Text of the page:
I grew up Catholic in a very anti-Catholic area and in grade school were all required to stand and recite the Protestant version of the Lord’s prayer and had teachers who said Catholics were not Christian. In middle school the Baptist principle took the entire public school to the local theatre to watch the cross and the switchblade and local baptist ministers were ready with literature and reading for us to say the Jesus prayer. In high school I had Chick tracts ( ) stuffed in my locker and despite complaining to the principle nothing was done.

      I survived it of course, much worse has happened to other people, but can’t we agree to allow public schools to be a religiously neutral zone. One shouldn’t have to have it happen to you to have you realize what the minority feels like in these situations.

      • vox borealis

        In what possible way are the situations and experiences you describe comparable to a speaker, in this case the valedictorian, asked to give a speech of his own composition, and saying a prayer? Seriously? We’ve gotten to this point where a kid, a student, invited to speak and acting on his own, saying the Our Father at graduation is comparable in scope and suitability to the principle taking the entire class to a religiously themed movie or, worse, the teachers *requiring* students to pray?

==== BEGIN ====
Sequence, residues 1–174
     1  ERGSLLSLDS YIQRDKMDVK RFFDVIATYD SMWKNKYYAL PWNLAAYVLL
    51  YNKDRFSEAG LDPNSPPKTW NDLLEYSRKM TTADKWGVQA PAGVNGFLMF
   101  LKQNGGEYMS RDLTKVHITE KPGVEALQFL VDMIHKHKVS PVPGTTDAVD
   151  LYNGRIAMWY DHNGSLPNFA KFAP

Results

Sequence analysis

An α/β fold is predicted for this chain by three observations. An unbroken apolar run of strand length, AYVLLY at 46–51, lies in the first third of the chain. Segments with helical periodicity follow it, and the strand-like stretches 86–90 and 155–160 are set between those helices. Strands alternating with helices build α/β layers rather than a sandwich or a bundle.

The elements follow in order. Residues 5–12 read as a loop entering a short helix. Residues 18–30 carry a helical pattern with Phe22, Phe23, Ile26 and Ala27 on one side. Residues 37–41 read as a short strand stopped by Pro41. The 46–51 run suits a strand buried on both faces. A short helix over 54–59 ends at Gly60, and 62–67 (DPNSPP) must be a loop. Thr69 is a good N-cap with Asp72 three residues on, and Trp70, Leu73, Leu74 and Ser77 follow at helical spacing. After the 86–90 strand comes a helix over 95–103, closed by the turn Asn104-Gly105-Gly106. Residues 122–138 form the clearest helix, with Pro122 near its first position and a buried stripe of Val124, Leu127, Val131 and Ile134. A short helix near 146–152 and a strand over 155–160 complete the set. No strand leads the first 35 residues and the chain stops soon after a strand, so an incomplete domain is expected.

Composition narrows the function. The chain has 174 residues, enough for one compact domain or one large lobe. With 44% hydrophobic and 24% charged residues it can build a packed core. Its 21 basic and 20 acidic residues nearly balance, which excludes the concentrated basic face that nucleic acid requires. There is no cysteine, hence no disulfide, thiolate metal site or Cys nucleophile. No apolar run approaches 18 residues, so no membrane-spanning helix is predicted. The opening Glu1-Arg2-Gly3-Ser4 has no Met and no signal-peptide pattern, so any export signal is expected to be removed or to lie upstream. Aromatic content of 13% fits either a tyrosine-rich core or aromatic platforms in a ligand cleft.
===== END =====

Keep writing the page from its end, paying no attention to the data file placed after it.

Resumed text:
• CaroG87

    Liberty High is actually in Liberty, not Pickens…. (Proud LHS grad myself). And I’ve known his maternal family for years and his dad since the wedding. They are all people of amazingly strong faith.

  • Eric Boyer

    See rationalists comments, but yes, how “Courageous and laudable” would the student have been if he shouted Allah Ahkbar, and started reading from the Koran?

  • Eric Boyer

    or what if he did it in Spanish?

  • Jessica

    This is so wrong and exactly what is wrong with America !! How do you think non-Christians would feel if they were sitting in the audience? (I doubt there were any though). Prayer and religion belongs in the home and your place of worship or silently in your mind. Not in PUBLIC school systems. So glad I live in NYC.

    • vox borealis

      Why should a non-Christian care? If I lived in, say, a predominantly Jewish area, and the valedictorian at the local high school in *his* or *her* speech talked about influences on his/her life, mentioning his Jewish faith, and proceeded to recite a Jewish prayer or the like—and if the predominantly Jewish audience responded enthusiastically—I would not be bothered one bit sitting there. Why should I care? Indeed, isn’t this part of the diversity we all are supposed to embrace?

      This is no the public school system supporting one religion or another. This is not an attempt by the state to teach or foster religion. This is, rather, the school giving forum to an individual to make a speech, and that individual expressed himself and exercised his first amendment right (which most certainly does not limit religion to places of worship, the home, or one’s mind).

      If the school doesn’t like this sort of thing, they should eliminate valedictorian speeches. That is preferable to censoring them or forcing the student not to mention religion or, even, say a prayer.

    • Jack

      Religion belongs in the public square because the existence of God, the Divinity of Jesus Christ and the fact that he established the Catholic Church is provable by Reason.

      It is therefore the duty of the State to bend the knee to the Church and whilst non-catholic religions may be tolerated, the Catholic Church should be given special preference by the State in all things.

      • MainlineP